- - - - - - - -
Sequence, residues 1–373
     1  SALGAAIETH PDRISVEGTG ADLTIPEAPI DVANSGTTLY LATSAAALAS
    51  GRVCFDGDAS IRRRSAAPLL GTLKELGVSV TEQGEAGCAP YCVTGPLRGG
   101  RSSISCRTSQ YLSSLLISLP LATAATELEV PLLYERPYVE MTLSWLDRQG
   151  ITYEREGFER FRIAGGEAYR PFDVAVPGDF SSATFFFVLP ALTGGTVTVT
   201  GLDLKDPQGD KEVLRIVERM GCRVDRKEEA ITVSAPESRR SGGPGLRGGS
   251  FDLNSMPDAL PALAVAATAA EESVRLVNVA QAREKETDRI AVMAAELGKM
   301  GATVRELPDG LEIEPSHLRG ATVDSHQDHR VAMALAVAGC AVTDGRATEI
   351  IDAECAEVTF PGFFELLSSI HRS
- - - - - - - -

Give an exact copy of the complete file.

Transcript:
Sequence, residues 1–373
     1  SALGAAIETH PDRISVEGTG ADLTIPEAPI DVANSGTTLY LATSAAALAS
    51  GRVCFDGDAS IRRRSAAPLL GTLKELGVSV TEQGEAGCAP YCVTGPLRGG
   101  RSSISCRTSQ YLSSLLISLP LATAATELEV PLLYERPYVE MTLSWLDRQG
   151  ITYEREGFER FRIAGGEAYR PFDVAVPGDF SSATFFFVLP ALTGGTVTVT
   201  GLDLKDPQGD KEVLRIVERM GCRVDRKEEA ITVSAPESRR SGGPGLRGGS
   251  FDLNSMPDAL PALAVAATAA EESVRLVNVA QAREKETDRI AVMAAELGKM
   301  GATVRELPDG LEIEPSHLRG ATVDSHQDHR VAMALAVAGC AVTDGRATEI
   351  IDAECAEVTF PGFFELLSSI HRS